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So unsettling is the terror of the mystical chasm between performance and intention in games, even Dong Nguyen seems to be struggling with the implications of having incorporated it into the design of his game. Mere days after releasing Swing Copters, Nguyen uploaded a version 1.1 update that substantially alters the game’s tuning. The first platform is set much higher, offering the player a longer starting run during which to acclimate to the game’s mechanics of horizontal momentum. The momentum itself is dampened, and the gaps in the platforms are widened for easier passage. Quickly, Flappy Bird-level scores become possible: 20, 50, 100, or more. Rhythmic predictability gains tactical purchase. The demons of performative incapacity are exorcised, and the game becomes just another smartphone game.

Nguyen’s unease is understandable. The paranormal and the divine are terrifying and obscene, and we prefer not to face them, even in pixels. Superstition ratchets up to madness more often than it tames itself into habit. But there is something tragic about having touched the sublime in Swing Copters, only to lose it days later. When I ask Nguyen about it, he expresses no regret in having altered the game. “Swing Copters is a game for everyone,” he tells me via email. “Most people are just looking for a fun game with easy control and cute animation to waste their time.”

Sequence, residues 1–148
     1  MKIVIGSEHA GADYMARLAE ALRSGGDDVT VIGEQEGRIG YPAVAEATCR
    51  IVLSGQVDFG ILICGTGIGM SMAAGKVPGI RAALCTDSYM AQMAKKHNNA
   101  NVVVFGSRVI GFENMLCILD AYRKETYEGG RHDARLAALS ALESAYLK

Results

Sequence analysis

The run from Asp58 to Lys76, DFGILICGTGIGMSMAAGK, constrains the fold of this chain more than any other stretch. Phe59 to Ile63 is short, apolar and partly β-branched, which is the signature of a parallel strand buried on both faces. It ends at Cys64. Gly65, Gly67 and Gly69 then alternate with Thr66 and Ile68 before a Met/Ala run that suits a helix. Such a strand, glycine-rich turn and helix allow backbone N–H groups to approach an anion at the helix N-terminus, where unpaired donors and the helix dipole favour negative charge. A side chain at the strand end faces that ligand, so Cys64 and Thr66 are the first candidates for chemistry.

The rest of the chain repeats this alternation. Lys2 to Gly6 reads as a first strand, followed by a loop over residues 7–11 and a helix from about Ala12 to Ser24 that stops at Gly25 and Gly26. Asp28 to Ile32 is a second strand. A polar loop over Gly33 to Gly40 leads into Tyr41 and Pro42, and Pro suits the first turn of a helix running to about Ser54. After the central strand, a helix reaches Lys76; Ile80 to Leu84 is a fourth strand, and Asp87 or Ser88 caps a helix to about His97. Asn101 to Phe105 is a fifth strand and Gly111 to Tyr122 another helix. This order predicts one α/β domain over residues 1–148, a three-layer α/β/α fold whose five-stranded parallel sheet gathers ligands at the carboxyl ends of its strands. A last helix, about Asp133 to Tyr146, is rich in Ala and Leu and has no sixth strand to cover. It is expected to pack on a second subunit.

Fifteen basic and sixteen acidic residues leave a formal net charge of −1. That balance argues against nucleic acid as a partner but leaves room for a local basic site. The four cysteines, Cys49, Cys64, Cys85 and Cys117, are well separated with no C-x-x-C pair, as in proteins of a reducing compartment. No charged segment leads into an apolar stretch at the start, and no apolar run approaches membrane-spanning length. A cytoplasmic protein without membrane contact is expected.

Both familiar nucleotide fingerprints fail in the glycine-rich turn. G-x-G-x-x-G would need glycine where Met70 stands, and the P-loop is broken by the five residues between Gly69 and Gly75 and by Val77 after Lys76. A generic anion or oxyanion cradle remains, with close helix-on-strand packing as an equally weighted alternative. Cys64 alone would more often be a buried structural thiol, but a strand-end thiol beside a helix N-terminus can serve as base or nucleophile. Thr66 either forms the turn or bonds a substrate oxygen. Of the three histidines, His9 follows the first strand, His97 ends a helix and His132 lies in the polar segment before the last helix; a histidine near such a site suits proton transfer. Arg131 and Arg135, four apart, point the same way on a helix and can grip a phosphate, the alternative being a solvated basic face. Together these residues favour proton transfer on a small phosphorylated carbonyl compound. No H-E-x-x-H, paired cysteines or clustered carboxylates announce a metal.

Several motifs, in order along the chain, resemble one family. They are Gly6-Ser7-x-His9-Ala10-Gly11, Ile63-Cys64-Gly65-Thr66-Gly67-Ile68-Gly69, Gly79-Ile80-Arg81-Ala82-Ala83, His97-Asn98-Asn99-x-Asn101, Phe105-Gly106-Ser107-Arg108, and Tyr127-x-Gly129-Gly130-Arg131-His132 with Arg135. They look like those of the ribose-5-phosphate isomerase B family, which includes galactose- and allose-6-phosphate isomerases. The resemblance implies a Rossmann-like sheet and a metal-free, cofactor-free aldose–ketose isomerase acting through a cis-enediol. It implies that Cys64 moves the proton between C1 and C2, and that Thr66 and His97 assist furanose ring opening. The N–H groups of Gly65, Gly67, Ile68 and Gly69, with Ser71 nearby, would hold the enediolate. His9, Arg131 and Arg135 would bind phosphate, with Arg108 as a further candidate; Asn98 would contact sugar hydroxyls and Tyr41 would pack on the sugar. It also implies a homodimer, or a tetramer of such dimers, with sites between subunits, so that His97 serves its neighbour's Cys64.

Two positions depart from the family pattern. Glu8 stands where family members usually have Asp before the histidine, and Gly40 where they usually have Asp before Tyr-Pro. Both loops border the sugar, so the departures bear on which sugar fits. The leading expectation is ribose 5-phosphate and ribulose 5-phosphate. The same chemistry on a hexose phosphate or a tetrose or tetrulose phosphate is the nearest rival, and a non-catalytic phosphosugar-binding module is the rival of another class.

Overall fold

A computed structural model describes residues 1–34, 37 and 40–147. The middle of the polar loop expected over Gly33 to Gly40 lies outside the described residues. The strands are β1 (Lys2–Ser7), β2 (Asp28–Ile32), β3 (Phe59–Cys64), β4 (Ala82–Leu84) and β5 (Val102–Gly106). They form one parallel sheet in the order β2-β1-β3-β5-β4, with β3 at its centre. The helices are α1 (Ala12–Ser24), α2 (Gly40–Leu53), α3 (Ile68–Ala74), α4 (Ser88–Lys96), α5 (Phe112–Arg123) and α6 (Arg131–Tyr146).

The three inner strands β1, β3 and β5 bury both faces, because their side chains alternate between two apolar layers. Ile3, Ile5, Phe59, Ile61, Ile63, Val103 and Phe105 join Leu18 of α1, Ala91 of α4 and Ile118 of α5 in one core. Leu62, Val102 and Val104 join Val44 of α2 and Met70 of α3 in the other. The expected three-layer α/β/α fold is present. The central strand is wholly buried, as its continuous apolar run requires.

Reading his words on the screen, about this silly game with a peanut on a rotor, I’m embarrassed to feel my heart leap into my throat as if news of real tragedy has wound its way into my inbox. Imagine Jordan or Williams or Boggs speaking this way about basketball or tennis or baseball! For many—for most, perhaps—a game is just a game, whether it be football or Flappy Bird. But the very point of a game is that can be more than just a game precisely by virtue of being no more than one. A game exists just to invite its players to respect the space it creates merely by virtue of existing. This is no less true of Swing Copters than it is of baseball. What remains different, for now at least, is how willing we might be to accept profundity amid absurdity in the games we play—and, as Nguyen’s hedge bears out—that we create as well.

In its place, some hope for the mystical in videogames remains. The same day Dong Nguyen updates Swing Copter to its post-mystical 1.1 revision, Amazon scoops up the videogame streaming service Twitch for $970 million cash, after Google backed out of the deal. Twitch resembles neither baseball nor Swing Copters; if anything, it’s more like a nerdy version of ABC Sports—an online broadcaster of game events, from conferences to competitive videogaming competitions. Among other curiosities on its channels, tens of thousands of people have been watching FishPlaysPokémon, an unholy farce in which a simple computer vision setup maps a betta fish’s position in an aquarium to Game Boy button presses configured to control the popular Nintendo role-playing game Pokémon Red. As with Swing Copters, no satisfactory justification exists for FishPlaysPokémon, other than the promise and threat that a fish’s seemingly random movements might be able to finish a videogame, like monkeys at a proverbial typewriter.

Or maybe: like a third baseman eating chicken before a pennant. Like God disguised as Michael Jordan, airborne, tongue out, two-shorts deep to ward off the hidden supernatural.

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Ian Bogost is a writer, game designer, and contributing editor at The Atlantic. He is the Ivan Allen College Distinguished Chair in media studies and a professor of interactive computing at the Georgia Institute of Technology.